Our Story

Umoja P.E.A.C.E.Center was created as a proactive response to the negative conditions existing in the African-American community that have provided fertile soil for anti-social behavior, juvenile delinquency, crime and violence.

In the fall of 2008 a group of community members in Seattle’s Central District joined forces to respond to growing economic and social issues that disproportionately effect disenfranchised African-American youth. Their response, bolstered by President Obama’s call to serve, was the creation of a community-based youth cultural center.

What began as Sunday work parties and BBQs to feed the volunteers turned into a significant effort focused on the transformation of two nuisance residential properties in the Central District into a space for educational and cultural events and activities. The Center has developed into a meeting point for young people and those engaged with creating a better future for the community.

Today, an audio recording studio, video production studio, learning room, computer lab and reading room serve youth and young adults with a variety of classes, workshops and a place to gather. The Center has cultivated a unique mix of education, entertainment, cultural awareness and civic engagement that connects authentically with community participants. On site programs are further augmented by programs that range from events such as the Seattle Hip-Hop Leadership Conference to candidate forums and music festivals. (See Program History.)  There are satellite programs at partner sites including Garfield Teen Life Center,Yesler Community Center and Rainier Beach High School.

With support from many sources Umoja grew organically from 2008 to 2011, with limited formal planning. The Center, its supporters, and founder K. Wyking Garrett, became important voices informing efforts by the City of Seattle to address the needs of African-American youth.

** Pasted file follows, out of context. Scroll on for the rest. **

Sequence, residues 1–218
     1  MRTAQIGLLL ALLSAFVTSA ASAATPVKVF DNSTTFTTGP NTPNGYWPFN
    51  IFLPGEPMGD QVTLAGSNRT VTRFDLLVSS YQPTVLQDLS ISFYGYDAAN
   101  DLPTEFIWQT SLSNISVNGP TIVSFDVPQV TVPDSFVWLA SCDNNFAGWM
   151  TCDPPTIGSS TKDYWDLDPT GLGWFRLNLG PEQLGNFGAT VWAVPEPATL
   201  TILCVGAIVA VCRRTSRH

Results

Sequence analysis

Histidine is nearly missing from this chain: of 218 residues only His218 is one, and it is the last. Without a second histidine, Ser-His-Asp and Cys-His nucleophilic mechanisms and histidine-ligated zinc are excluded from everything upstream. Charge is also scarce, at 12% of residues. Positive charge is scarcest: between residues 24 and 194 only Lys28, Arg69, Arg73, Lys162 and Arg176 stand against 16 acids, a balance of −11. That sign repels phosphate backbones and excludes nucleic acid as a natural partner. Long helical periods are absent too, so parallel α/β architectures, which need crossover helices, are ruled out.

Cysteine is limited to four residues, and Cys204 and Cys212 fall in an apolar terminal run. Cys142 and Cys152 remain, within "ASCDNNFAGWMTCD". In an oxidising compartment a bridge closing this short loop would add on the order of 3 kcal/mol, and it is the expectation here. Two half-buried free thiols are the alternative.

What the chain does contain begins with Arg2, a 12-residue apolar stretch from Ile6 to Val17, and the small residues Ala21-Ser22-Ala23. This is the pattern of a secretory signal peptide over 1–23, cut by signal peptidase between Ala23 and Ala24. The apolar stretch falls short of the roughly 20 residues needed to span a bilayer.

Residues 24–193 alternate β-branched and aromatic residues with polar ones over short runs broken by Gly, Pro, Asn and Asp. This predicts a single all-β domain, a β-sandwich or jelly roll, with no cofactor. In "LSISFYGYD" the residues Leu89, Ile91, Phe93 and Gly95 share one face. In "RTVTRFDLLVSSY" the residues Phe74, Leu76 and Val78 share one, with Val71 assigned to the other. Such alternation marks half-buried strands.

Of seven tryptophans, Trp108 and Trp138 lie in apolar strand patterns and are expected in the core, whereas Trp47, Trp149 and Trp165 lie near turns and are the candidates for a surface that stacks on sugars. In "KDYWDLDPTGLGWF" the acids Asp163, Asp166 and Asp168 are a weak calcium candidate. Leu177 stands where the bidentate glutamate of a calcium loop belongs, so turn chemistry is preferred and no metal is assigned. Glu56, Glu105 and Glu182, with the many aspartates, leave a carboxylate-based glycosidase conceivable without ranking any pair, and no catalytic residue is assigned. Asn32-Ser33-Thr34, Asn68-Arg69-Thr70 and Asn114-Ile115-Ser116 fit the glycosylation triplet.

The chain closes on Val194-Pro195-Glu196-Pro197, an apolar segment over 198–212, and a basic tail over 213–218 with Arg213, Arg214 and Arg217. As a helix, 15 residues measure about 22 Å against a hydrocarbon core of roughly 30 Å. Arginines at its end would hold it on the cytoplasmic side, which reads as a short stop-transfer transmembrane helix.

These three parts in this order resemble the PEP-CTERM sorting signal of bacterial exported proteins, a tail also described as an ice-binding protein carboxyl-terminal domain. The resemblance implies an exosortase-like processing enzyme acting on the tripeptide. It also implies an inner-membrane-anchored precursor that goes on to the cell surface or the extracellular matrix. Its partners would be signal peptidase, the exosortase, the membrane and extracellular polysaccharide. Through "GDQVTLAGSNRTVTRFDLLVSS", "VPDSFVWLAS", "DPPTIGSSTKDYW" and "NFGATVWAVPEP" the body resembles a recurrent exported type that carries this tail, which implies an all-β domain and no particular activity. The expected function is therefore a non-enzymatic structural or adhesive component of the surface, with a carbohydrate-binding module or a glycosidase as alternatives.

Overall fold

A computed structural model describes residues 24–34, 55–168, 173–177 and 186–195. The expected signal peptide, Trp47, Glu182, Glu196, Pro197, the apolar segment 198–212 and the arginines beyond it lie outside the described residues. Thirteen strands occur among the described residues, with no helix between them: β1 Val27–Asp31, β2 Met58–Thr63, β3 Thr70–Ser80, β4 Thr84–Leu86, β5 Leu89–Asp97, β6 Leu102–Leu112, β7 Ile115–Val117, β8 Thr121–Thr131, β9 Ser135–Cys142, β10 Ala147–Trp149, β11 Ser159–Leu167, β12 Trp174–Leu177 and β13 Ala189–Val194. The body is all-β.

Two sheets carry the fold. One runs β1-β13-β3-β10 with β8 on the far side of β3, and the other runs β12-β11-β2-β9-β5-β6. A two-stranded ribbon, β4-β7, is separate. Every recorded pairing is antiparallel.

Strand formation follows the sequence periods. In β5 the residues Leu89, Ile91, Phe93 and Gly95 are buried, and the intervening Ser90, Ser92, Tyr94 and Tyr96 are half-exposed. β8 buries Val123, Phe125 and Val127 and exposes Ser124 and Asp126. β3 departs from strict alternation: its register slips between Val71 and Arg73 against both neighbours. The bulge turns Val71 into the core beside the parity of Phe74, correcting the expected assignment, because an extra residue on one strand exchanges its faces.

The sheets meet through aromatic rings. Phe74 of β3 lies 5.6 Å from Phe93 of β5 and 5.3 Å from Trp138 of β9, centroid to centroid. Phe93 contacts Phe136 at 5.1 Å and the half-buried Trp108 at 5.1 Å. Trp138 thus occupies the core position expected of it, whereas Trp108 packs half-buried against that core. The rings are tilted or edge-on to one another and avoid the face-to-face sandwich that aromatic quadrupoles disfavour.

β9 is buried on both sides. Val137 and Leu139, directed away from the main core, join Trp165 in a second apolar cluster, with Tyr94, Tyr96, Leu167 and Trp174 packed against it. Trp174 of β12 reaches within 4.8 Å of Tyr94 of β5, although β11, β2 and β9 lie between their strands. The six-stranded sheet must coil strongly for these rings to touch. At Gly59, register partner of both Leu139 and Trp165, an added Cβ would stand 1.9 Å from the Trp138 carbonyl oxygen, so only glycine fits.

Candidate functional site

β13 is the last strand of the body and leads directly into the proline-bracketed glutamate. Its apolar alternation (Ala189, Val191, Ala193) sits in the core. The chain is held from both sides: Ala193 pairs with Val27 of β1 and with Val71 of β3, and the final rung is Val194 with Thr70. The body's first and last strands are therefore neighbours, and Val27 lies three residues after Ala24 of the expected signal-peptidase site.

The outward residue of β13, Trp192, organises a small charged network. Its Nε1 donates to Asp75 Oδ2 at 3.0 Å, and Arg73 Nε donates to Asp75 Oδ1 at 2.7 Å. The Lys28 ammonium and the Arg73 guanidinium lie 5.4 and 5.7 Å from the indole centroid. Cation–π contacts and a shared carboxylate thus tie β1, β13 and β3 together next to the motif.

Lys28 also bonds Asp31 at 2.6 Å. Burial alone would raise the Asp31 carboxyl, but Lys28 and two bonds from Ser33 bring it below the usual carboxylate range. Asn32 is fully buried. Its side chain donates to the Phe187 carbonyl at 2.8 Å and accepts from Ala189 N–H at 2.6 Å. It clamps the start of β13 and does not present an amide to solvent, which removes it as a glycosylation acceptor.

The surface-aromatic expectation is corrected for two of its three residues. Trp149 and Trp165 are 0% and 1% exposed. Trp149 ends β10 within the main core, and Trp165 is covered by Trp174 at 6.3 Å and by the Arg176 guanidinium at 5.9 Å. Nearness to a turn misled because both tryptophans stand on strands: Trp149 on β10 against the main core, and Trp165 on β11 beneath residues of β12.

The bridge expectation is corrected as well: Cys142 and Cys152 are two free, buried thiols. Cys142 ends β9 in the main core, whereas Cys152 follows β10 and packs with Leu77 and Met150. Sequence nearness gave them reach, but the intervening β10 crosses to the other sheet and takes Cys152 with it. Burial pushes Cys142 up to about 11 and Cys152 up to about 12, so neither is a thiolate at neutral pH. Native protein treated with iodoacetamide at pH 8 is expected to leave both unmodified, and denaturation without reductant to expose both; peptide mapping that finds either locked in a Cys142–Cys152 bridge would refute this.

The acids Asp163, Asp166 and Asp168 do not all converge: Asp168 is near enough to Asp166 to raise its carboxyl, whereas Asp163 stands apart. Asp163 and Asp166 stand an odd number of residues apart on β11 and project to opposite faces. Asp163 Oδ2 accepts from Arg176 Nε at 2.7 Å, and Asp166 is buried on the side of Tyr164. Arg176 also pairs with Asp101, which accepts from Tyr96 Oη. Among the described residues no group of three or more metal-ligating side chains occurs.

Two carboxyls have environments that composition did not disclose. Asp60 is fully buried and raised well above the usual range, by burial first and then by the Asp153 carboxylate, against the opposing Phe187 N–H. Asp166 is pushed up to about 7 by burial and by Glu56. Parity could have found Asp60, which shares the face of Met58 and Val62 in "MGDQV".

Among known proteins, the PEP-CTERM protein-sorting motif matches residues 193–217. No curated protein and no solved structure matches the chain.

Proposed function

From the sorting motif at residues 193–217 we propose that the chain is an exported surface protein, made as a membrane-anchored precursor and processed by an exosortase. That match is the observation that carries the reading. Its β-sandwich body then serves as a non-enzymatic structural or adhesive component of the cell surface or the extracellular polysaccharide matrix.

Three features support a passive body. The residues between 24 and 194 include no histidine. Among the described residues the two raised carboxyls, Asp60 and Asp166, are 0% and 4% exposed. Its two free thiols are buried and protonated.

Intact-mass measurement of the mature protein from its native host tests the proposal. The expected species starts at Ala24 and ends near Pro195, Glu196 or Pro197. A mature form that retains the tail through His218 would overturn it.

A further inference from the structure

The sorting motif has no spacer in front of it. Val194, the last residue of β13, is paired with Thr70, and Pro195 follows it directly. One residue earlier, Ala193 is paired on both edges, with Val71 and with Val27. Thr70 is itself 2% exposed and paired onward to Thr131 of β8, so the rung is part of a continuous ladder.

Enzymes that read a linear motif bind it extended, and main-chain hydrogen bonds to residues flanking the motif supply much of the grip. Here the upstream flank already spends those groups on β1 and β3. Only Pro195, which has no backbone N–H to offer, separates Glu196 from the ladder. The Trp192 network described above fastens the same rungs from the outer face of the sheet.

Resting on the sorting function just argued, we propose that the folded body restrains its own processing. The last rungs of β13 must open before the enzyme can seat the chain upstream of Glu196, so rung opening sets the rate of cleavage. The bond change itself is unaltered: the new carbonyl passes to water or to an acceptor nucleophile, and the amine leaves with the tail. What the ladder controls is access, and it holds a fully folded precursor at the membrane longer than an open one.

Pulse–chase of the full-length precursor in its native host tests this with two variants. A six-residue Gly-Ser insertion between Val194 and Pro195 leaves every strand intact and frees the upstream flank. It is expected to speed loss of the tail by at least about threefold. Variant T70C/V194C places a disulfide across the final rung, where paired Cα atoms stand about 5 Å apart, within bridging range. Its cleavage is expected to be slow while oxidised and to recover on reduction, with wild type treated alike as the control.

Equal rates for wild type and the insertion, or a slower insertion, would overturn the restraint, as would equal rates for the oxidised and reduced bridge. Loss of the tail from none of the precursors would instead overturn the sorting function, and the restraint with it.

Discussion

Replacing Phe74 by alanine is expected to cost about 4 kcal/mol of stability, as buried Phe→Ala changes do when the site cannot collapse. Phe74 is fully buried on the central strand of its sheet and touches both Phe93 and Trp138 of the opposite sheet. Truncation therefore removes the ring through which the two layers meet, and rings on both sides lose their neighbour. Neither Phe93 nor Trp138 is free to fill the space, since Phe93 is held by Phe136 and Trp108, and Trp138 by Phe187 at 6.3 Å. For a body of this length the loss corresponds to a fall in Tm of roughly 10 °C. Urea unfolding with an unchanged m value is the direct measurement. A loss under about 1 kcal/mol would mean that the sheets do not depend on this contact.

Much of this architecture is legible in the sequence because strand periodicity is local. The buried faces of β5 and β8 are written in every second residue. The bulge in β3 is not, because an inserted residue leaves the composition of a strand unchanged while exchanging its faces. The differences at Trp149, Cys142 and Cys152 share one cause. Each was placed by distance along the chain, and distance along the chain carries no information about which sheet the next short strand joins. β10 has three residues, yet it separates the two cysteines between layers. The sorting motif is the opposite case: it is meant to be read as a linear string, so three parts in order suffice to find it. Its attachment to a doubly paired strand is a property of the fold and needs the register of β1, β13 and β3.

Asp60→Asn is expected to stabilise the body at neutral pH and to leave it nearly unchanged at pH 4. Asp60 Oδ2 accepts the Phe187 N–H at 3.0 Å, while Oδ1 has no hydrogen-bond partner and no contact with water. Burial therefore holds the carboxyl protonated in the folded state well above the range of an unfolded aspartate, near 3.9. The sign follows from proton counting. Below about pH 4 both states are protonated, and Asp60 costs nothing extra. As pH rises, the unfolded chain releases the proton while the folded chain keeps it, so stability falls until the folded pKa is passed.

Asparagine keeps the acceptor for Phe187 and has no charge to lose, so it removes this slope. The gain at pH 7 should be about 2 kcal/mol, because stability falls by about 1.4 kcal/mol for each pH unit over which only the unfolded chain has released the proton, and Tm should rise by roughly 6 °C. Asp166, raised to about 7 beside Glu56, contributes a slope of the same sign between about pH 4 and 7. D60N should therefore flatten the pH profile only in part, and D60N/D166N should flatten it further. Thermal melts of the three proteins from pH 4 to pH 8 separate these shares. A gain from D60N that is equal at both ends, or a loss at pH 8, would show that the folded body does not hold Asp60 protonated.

In late 2010 the City of Seattle’s Office of Economic Development identified Umoja as the recipient of a Technical Assistance Pilot Project. This provided assistance in creating a strategic plan to guide the next three to five years of Umoja’s growth, and to enhance the ability of potential partners and funders to participate in supporting the organization.

In February 2011 a Strategic Planning Team was convened.  This group brought a wealth of knowledge, experience and passion to the process of planning for Umoja’s future, working with consultant Claudia Bach, AdvisArts Consulting.  The process included review and revisions to the mission, vision and core values statements for Umoja, an examination of data on youth activities to date, and research on best practices of nationally-noted organizations involved in similar work around the country. This led to the development of strategic five-year goals to 2016, and two-year objectives to guide Umoja through 2013. An appendix outlines implementation priorities.

This document provides a roadmap for the next phase of UmojaFestP.E.A.C.E.Center.  Umoja is poised today to fulfill its potential as a critical nexus point, with increased focus and support within the organization, and in the larger community.